Flowering trees of The Mediterranean.
The streets, gardens and parks of towns and cities of Southern Spain are coloured with the blossoms of wonderful flowering trees in late spring and early summer.
Pavements and grass are scattered with fallen petals; a colourful confetti adding a festival atmosphere to the busiest sidewalk.
On a recent trip to Seville I was stunned by the number and variety of flowering street trees, in addition to the vast number of orange trees that the city is famous for.
Pride of Bolivia, or rosewood is not a tree I had noticed before, but in full bloom it is difficult to miss.
With a loose, robinia like habit and light green pinnate leaves it casts a light, dappled shade and moves gently with the breeze.
The small orange cassia-like flowers are carried in loose, lacy clusters. Flowers and petals fall scattering the pavements with saffron.
This tree is regarded as invasive in Australia, where it threatens native species in certain areas. An interesting relationship as eucalypts are so widely naturalised in Southern Europe. Tipuana is South American in origin and is widely used as a street tree in Southern Spain. I'm sure I've seen it on many occasions, but assumed it was false acacia, until I saw it bloom.
This is probably one of me most arresting of flowering trees. Feathery mimosa-like foliage varies in density on the branches. Some are quite twiggy and bony in habit carrying large, brown seeds from previous blooms.
Other threes are lush with a fine plumage of rich green leaves. The large, heavy clusters of rich purple-blue flowers are truly spectacular and stand out even against a bright blue summer sky. Trees flower randomly at other times of the year.
I've seen them bloom in early spring in Madeira and in late summer in Greece but early summer is their main season. Jacaranda hails from south-central America.
This is a lovely small, flat-headed tree with fine, feathery acacia-like foliage. In cooler climates it makes an attractive small tree or an addition to an exotic bedding scheme, but it needs enough sun to bloom. As a street or garden tree in a warm, dry climate its fluffy pink flowers are spectacular. They bristle and shine atop the softly arching branches, set beautifully against the feathery green leaves. A native of south-western and eastern Asia it is a good choice for warm, sheltered coastal gardens and sunny courtyards and can be grown in a container.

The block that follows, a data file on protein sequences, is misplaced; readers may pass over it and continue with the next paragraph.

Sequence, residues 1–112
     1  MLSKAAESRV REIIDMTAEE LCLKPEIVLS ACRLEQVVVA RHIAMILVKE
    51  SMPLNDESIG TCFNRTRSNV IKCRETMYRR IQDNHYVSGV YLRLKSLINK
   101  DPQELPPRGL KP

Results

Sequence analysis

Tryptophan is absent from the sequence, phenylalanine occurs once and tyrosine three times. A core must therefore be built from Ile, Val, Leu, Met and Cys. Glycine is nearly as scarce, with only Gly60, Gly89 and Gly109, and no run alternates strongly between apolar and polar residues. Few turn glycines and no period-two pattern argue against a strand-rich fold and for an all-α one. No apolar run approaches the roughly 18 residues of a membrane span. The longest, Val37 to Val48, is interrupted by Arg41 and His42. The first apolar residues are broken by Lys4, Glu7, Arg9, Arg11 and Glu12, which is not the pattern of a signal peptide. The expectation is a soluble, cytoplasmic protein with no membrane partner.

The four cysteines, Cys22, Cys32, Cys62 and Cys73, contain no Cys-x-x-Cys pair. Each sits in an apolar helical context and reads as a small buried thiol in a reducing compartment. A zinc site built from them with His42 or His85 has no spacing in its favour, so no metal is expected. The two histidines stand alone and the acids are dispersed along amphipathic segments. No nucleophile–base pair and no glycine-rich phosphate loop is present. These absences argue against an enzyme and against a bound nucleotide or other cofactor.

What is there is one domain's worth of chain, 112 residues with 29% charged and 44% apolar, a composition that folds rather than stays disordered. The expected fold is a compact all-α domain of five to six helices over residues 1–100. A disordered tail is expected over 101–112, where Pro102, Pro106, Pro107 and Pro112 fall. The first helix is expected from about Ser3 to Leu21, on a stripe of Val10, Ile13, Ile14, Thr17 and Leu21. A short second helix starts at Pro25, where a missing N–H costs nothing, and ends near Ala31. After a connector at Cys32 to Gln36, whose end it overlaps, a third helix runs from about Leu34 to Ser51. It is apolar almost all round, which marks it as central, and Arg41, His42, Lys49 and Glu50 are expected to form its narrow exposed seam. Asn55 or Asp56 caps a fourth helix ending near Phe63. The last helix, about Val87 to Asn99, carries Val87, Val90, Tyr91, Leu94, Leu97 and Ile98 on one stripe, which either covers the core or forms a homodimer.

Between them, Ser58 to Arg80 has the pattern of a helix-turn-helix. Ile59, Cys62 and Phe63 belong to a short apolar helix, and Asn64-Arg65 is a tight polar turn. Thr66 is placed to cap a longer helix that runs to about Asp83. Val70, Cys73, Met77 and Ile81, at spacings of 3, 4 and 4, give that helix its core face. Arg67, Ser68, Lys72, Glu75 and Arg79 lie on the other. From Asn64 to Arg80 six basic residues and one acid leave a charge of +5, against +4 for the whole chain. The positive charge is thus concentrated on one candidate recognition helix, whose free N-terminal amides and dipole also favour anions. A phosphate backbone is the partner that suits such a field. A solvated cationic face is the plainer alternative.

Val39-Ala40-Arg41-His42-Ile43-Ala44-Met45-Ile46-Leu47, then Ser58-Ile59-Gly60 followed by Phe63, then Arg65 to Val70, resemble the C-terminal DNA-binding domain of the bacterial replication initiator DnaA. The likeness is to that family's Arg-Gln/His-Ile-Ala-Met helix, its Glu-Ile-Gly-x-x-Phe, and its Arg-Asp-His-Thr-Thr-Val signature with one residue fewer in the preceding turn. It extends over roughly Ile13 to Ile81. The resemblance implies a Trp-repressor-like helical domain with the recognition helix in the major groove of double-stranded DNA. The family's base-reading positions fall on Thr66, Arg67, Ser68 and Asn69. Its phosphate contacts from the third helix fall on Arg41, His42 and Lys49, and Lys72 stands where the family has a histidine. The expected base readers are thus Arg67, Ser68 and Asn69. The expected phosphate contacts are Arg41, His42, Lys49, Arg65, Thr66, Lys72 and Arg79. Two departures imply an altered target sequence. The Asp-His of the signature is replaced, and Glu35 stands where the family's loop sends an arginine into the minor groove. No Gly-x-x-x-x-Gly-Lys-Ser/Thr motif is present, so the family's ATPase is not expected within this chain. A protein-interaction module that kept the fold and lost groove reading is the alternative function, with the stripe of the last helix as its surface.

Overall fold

Commonly known as oleander is a widely naturalised shrub; so widely grown and cultivated its origins are uncertain.
It is planted alongside motorways and commercial developments throughout Southern Europe and in many other parts of the world.
Its wide use as a landscape plant is somewhat surprising due to its highly toxic nature; all parts of the plant are poisonous if eaten. In many dry, warm regions it is widely naturalised and invasive.
Despite any negative characteristics oleander flowers are highly attractive in both single and double forms.
Allowed to grow as a large shrub, which can be regarded as a multi-stemmed tree, few plants put on a more spectacular display for several months from spring into autumn.
This has to be regarded as one of the ultimate survivors of the plant world, surviving and thriving in summer drought like a true xerophyte.
The evergreen Southern magnolia originates from the Southern U.S., but is widely planted in temperate and Mediterranean regions across the world. It is a versatile subject which can reach a great age and vast proportions.
It also lends itself to training against a wall or shaping by careful pruning. The large lemon-scented flowers appear from early summer in Mediterranean regions, late summer in cooler climates.
The dark green, glossy leaves often have wonderful tan suede-like undersides which cleverly link the tree to surrounding stone and brick. It is bold and architectural enough to stand out against large imposing buildings.
The crepe myrtle is an attractive tree with small shining green leaves and large, lilac-like clusters of pink, red, purple or white flowers anytime from late spring to late summer.
In cooler regions it is deciduous, evergreen in warm and tropical climates. It can be pollarded, and as such is an architectural feature in the dormant season. The blooms have crumpled, crepe like petals, hence the name.
A native of India it is widely planted in many parts of the world. Dwarf and hardier forms are becoming more popular in cool temperate regions.
I would love to visit when these are in bloom, the fragrance of so many citrus flowers must be amazing.
Some carried young embryo fruits and a few still had oranges; the main season of production is late winter and I assume the fruit of street trees is harvested; there are so many. A few trees still managed shed ripe oranges onto the ground.
These are large, pithy and with that sharp, bitter Seville orange flavour. Very reminiscent of the taste of marmalade, for those of us that eat it. None the less they are juicy and refreshing and hard to resist on a hot day.
Other good small, flowering trees for warm climates include:
Punica grantum, pomegranate
Erythrina crista- galli, cock's comb
My 4 week online course on trees helps with the selection of trees for gardens of all sizes, whatever climate you are choosing for. It also deals with how to use trees as part of the planting design of the garden and how to get the best from them. http://www.my-garden-school.com/course/a-professional-guide-to-choosing-using-and-planting-trees/
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